Our Hero: Michael E. ''Aquadoc'' Campana

Dr. Michael E. Campana

Michael E. “Aquadoc” Campana’s story is a testament to the fact that at times something can be found unexpectedly—like a career in hydrogeology. On the other hand, unless actively looking for something, a person is not likely to find it—like a plethora of devoted and talented hydrophilanthropists.

And that is just some of the wisdom Campana has gleaned along the way to becoming a Professor of Geosciences at Oregon State University, the president of a professional water resources association and a prolific blogger at his two blogs, WaterWired and Campanastan. Join the conversation as he describes how he combined his knowledge of hydrology and desire to “help people help themselves” to create a foundation which teaches, supports and engages impoverished communities in Central America to bring clean freshwater and sanitation to their locales.

I recently gave Dr. Campana a call via Skype to talk water. Below, a taste (or sip, if you will) of our chat.  Download a podcast of the full conversation or the full transcript.

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So as you're traveling the world, particularly Latin America and Central America, you must see a lot of different situations where high-quality fresh water isn’t available, readily, or there needs to be treatment, etc. So from your perspective, do you think people are prepared to face the fresh water crisis? Some people say the fresh water crisis, regardless of where they are, or whatever their circumstances, do you think that’s really starting to hit people or is it just becoming more apparent?

[…] Let me mention something. I used to laugh at the expression, just as I said, “When life gives you lemons, you make lemonade.” When I was in the ‘60s and ‘70s, people would say, “Wow, you gotta think globally, but act locally.” And they still say that. And I would look at that and I would think, “Oh geeze, that’s kind of a cop-out or something. But actually that’s one of my mantras today, is “Think globally and act locally.” So when people say, “Well, my gosh, the world water crisis, I just can’t do anything about it, I'm just so frustrated.” But what you have to realize is that the global crisis is made up of many, many thousands of little crises. And so when I'm working in a little village that’s say 300 people, how is that going to make a dent in the one billion people who don’t have access to clean water? Well, when I'm working with them that’s not my concern, my concern is getting clean water to those 300 people and then I'll move on to the next group of 300 or 400 people. So that’s the only way I can get my arms around the global water crisis, or one of the ways. Or the way that I can actually do something to try to ameliorate the world water crisis. So that’s how I look at it, because otherwise, it’s too easy then to get frustrated and say, “Well, I can’t help it, so I'm not going to do anything.” […]

But I mean what’s interesting is that [WaterWired] is a very informative edifying read, but at the same time it’s entertaining. And it’s tough to walk that tightrope, so that’s definitely something that you do that’s impressive and it’s one thing to just write about dry subjects, but it’s another make it something that people want to go to and read.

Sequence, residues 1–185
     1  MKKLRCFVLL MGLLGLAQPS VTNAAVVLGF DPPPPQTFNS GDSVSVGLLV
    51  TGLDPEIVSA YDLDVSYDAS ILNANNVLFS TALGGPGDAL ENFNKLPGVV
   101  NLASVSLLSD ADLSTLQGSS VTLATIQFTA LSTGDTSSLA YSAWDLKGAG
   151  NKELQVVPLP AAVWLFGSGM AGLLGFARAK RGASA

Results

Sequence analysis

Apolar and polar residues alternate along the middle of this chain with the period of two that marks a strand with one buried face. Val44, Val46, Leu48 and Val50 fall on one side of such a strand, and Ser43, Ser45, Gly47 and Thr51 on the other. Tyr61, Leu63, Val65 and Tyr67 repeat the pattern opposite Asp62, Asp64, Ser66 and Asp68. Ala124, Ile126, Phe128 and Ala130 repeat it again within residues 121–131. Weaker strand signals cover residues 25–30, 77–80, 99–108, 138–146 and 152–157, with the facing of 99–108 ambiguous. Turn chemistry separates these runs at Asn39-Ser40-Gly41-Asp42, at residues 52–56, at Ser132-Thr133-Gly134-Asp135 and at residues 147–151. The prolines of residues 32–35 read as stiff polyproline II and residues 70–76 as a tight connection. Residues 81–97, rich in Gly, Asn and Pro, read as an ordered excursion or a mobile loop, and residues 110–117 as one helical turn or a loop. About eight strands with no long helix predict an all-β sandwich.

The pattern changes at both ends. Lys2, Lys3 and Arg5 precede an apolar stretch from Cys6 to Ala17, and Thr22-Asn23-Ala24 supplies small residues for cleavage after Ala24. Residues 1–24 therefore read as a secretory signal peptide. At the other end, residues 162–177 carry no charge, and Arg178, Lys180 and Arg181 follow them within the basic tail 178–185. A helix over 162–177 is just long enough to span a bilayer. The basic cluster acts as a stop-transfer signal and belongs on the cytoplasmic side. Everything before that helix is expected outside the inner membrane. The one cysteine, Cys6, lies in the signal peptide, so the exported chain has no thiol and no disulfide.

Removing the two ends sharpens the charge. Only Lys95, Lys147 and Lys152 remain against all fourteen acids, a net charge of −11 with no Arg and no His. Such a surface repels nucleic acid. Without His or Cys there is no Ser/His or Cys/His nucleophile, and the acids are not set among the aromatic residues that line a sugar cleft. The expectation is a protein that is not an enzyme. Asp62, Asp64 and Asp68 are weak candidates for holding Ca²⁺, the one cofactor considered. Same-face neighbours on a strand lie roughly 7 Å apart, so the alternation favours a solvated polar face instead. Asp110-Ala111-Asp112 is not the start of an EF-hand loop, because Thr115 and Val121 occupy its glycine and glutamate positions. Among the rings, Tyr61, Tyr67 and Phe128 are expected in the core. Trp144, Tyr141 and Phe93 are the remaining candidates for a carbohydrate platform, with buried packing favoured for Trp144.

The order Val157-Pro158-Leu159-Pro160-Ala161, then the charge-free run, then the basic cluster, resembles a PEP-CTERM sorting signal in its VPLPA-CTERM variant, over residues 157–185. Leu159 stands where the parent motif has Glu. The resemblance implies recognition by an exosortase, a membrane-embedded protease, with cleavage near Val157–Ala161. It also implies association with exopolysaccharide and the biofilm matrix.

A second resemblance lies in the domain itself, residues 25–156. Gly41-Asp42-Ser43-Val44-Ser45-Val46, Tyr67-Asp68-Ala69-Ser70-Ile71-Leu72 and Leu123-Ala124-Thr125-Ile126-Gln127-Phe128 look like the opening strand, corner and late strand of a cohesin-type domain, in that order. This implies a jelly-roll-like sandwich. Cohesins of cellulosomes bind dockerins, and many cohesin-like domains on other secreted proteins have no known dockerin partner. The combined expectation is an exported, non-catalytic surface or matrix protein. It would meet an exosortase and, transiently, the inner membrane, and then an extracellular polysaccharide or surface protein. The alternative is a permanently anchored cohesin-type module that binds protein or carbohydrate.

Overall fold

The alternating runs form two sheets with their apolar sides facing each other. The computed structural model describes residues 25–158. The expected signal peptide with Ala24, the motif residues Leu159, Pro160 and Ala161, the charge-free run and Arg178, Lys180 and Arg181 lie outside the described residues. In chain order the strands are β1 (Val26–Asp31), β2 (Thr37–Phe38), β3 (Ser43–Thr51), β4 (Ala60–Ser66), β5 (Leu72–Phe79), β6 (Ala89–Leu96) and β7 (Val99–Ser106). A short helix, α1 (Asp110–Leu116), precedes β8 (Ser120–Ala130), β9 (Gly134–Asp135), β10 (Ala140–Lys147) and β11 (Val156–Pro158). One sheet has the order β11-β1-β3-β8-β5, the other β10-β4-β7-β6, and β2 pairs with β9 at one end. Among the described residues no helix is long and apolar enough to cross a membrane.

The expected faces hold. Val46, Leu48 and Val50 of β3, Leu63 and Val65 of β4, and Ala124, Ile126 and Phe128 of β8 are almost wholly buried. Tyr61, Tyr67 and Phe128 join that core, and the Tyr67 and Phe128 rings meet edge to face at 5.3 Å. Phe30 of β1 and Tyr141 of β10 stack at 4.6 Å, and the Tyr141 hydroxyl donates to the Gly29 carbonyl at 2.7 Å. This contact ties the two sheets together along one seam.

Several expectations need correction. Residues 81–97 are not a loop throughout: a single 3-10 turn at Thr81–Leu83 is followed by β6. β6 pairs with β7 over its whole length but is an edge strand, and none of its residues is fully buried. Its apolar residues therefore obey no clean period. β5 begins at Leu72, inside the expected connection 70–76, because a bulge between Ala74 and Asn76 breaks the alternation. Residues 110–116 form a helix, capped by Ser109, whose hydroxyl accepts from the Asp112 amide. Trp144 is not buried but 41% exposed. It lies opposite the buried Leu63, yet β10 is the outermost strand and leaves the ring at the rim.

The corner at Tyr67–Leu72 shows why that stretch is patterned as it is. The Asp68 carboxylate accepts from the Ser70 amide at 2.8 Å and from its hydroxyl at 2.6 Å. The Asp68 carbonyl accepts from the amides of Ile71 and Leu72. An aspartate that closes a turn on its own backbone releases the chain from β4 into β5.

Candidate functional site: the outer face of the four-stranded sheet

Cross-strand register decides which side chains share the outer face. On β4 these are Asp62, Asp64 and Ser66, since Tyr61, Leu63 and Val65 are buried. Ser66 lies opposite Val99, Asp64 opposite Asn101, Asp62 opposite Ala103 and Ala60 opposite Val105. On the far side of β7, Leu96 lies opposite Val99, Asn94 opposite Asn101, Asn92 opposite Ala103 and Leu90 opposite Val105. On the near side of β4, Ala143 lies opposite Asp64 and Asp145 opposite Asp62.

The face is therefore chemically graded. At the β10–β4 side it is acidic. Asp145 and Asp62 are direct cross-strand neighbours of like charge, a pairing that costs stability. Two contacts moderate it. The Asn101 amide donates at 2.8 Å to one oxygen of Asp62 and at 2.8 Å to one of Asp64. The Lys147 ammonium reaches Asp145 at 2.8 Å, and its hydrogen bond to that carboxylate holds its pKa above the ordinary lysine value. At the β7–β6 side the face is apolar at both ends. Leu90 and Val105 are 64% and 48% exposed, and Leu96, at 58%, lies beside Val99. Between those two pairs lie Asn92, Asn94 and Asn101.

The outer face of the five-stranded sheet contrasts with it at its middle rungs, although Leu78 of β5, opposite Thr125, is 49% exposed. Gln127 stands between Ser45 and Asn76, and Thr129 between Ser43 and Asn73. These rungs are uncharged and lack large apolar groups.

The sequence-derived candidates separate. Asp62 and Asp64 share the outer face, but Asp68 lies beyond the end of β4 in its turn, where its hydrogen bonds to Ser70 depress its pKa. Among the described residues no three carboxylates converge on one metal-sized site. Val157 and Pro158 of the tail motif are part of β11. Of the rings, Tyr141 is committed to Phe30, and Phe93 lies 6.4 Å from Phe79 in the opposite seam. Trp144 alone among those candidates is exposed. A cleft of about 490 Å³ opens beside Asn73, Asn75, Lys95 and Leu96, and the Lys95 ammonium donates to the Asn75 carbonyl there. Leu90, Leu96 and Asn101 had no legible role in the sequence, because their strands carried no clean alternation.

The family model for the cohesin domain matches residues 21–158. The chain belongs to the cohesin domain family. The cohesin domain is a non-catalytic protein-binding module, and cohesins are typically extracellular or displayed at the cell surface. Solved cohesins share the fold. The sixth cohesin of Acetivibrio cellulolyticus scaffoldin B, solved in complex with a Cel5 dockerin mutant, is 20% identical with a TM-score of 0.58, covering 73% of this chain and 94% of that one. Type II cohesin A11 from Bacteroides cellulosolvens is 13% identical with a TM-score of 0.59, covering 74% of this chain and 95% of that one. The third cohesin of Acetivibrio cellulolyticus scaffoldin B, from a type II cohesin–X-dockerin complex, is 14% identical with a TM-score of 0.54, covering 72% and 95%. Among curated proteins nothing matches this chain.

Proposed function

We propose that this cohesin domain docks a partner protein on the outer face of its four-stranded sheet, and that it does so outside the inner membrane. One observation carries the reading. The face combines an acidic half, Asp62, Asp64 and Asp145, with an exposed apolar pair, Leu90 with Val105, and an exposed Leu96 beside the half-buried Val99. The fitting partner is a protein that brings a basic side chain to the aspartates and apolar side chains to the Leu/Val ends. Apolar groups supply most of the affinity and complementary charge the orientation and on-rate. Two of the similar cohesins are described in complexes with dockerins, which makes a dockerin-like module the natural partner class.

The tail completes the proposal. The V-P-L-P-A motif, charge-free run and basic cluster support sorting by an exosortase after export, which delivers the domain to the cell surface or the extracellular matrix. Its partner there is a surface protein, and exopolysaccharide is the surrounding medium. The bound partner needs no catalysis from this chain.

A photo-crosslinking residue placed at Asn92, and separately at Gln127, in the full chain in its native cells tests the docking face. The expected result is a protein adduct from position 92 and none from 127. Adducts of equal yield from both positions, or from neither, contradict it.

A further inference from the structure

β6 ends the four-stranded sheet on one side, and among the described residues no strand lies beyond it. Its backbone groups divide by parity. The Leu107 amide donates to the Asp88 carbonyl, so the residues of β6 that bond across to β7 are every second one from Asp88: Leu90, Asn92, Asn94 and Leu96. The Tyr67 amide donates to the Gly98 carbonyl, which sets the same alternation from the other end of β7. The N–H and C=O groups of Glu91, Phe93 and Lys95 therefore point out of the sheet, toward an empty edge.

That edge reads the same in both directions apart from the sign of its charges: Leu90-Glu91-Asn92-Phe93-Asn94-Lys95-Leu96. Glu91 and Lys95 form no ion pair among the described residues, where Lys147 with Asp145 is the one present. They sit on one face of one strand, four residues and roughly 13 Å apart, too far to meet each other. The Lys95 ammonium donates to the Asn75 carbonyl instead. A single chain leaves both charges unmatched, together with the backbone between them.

Thanks for saying that and that’s what I like to emphasize or I pride myself on that I try to make it understandable, try not to get too bogged down in ultra-technical things, although sometimes I have to do that. But I want to make it understandable, and to me, and I'm sure you'll probably agree, is that over the years we scientists and engineers, and technical people have not done a real good job at educating the public and the politicians and the policy and decision makers, all those kinds of folks. I think the reason is that we're afraid of, “Oh gosh, I have to dumb it down to make these people understand, and I don’t want to do that and I don’t want to be pinned down on something because then it will come back to haunt me, etc." And I see the scientific community, or let me just say the technical or professional community getting more interested in doing outreach, whether it’s a blog or a Tweet, or whether it’s giving a presentation before a local civic group, or the local say, farmer’s in a region, go to the grange or something and give a talk. And I think that’s great. […]

Michael E. “Aquadoc” Camapana’s list of Notable Hydrophilanthropists

  • Dr. Stephen Silliman: Department of Civil Engineering and Geological Sciences, University of Notre Dame
  • Dr. David A. Sabatini; Dr. Robert C. Knox; Dr. Randall L. Kolar; Dr. Robert W. Nairn: Water Center at University of Oklahoma
  • Dr. David Kreamer (originator of the term “hydrophilanthropy” [PDF]): Department of Geoscience, University of Nevada, Las Vegas
  • Dr. Jim Thomas and Doctoral candidate Alan McKay: Desert Research Institute, Hydrological Sciences Program, University of Nevada, Reno
  • Dr. Michael "Aquadoc" Campana, Department of Geosciences, Oregon State University: The Ann Campana Judge Foundation

Responses to "Our Hero: Michael E. ''Aquadoc'' Campana"

  1. Cynthia Barnett

    I admire Dr. Campana for making a difference globally with his hydrophilanthropy, and nationally with WaterWired. It takes courage for an academic to blog. Reaching out to the general public is not rewarded in the field, but perhaps it should be. He touches more thoughtful laypeople in a day than an obscure journal article may ever reach. If more academics were this approachable and willing to do a little teach-by -tweet -- and if their institutions rewarded them for doing so, or at least did not discourage them -- might science make its way up there in the American conversation closer to #Super8movie? The No. 1 trending topic on Twitter at this moment. Thanks for all you do, Michael Campana.

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